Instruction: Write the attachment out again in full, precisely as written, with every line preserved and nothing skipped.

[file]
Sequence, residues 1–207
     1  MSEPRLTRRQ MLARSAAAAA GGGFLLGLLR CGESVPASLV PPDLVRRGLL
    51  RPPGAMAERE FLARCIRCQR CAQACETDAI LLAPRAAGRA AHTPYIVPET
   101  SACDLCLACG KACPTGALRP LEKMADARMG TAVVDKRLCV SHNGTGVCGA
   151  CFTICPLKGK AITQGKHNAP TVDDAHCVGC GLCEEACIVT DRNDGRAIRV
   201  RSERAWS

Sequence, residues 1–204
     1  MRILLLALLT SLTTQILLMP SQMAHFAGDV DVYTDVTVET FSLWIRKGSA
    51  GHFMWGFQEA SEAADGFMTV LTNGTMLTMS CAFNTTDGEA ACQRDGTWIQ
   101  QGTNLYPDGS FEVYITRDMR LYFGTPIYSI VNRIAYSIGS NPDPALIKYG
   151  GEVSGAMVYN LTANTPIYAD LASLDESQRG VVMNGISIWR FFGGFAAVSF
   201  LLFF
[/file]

Sequence, residues 1–207
     1  MSEPRLTRRQ MLARSAAAAA GGGFLLGLLR CGESVPASLV PPDLVRRGLL
    51  RPPGAMAERE FLARCIRCQR CAQACETDAI LLAPRAAGRA AHTPYIVPET
   101  SACDLCLACG KACPTGALRP LEKMADARMG TAVVDKRLCV SHNGTGVCGA
   151  CFTICPLKGK AITQGKHNAP TVDDAHCVGC GLCEEACIVT DRNDGRAIRV
   201  RSERAWS

Sequence, residues 1–204
     1  MRILLLALLT SLTTQILLMP SQMAHFAGDV DVYTDVTVET FSLWIRKGSA
    51  GHFMWGFQEA SEAADGFMTV LTNGTMLTMS CAFNTTDGEA ACQRDGTWIQ
   101  QGTNLYPDGS FEVYITRDMR LYFGTPIYSI VNRIAYSIGS NPDPALIKYG
   151  GEVSGAMVYN LTANTPIYAD LASLDESQRG VVMNGISIWR FFGGFAAVSF
   201  LLFF